Our Species

      Edenton National Fish Hatchery raises fish and other aquatic animals.  Our two largest programs are Atlantic striped bass and lake sturgeon.  We raise white shiners , Johnny darters and Cape Fear shiners for conservation purposes.  We have recently expanded our conservation programs to include gopher frogs

      Get Involved

      Edenton National Fish Hatchery is recruiting interns for the spring, summer, and fall production seasons.  Up to two volunteer interns are being sought to cover all or part of each season. Interns may serve multiple seasons.  Interns will work a 40 hour week with a minimum commitment of 2 months (prefer 3 months).  Interns will learn fish culture skills and other duties performed at warm water fish hatcheries.  If you would like more information on the internship, please email  If you are interested in applying, please send a cover letter (including your available dates), resumé and two references to The deadline for the Spring/Summer internships is December 1 prior to the intended Spring/Summer internship.  The deadline for the Fall internship is July 20th prior to the intended Fall internship.

      Projects and Research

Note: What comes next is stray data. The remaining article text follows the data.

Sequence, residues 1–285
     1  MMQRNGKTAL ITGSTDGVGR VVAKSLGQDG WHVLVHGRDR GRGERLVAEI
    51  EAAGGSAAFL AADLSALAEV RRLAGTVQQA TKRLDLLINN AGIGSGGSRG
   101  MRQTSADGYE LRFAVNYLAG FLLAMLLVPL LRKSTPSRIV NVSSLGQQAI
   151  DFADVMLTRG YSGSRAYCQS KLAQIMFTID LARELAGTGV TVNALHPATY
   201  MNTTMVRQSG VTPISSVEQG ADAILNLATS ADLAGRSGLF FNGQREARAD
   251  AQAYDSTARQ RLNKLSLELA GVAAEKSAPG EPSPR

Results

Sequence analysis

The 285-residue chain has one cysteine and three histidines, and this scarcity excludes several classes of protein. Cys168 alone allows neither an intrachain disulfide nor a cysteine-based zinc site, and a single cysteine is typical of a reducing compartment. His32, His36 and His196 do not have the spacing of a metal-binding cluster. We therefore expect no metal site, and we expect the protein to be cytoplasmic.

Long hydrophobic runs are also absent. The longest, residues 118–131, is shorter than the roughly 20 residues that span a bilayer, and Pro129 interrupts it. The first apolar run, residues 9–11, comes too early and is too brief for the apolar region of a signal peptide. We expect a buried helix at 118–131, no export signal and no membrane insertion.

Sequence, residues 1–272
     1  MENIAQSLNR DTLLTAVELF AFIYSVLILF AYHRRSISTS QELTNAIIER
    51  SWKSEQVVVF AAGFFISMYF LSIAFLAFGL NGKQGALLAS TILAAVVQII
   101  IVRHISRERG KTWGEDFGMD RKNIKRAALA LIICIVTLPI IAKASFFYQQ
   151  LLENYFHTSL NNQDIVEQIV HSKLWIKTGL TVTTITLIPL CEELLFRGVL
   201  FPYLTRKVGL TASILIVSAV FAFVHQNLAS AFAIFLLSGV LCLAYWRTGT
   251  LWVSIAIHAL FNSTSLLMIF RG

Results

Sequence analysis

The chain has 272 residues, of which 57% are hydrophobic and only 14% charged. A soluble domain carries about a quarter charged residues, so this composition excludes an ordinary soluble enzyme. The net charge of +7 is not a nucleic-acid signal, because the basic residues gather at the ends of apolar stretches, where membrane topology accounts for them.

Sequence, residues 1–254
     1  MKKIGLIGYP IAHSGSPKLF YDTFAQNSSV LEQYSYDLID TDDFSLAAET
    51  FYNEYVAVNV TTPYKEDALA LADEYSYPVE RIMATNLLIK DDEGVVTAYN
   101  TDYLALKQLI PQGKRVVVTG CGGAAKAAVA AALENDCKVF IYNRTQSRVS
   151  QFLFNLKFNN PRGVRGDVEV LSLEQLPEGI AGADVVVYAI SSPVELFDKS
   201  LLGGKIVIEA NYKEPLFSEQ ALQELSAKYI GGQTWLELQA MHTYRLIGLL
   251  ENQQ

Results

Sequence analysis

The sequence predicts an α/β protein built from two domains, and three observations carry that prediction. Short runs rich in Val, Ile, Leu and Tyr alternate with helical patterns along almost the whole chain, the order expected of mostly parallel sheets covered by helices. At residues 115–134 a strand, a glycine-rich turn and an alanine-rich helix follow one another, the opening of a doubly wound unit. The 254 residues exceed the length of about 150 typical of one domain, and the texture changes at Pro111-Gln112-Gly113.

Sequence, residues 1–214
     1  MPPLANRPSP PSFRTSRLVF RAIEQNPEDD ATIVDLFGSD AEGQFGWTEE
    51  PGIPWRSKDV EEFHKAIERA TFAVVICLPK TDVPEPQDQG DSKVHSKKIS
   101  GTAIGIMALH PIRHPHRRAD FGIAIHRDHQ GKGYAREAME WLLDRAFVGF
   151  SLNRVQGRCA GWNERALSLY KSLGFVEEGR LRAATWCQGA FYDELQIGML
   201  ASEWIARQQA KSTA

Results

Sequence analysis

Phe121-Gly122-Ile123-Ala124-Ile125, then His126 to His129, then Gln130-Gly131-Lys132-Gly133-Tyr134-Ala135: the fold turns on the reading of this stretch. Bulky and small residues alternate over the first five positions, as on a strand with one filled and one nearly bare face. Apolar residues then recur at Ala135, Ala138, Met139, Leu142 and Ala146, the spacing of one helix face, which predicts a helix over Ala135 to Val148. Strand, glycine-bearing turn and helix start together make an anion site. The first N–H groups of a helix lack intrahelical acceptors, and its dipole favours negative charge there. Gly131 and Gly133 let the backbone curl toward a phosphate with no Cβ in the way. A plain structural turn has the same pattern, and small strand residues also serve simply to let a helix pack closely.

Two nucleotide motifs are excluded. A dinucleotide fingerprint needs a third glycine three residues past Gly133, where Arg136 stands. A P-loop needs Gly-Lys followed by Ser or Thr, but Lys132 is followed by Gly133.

In cooperation with our partners, we are committed to improving upon the methods we use for all of our programs.  Here are a few examples:

      Hatchery staff are conducting feed trials to determine whether a commercially available sturgeon feed will be a viable alternative to primarily feeding a frozen insect larvae.

      We are exploring different ways to feed early life stages of striped bass.  

      Staff are also investigating methods to breed white and Cape Fear shiners in captivity.

      And, we are testing different methods of raising gopher frogs.  As part of our headstarting program, our frogs are tagged with a tag that glows under a black light.  When one of our frogs is re-captured, biologists will be able to identify it as a graduate of our program!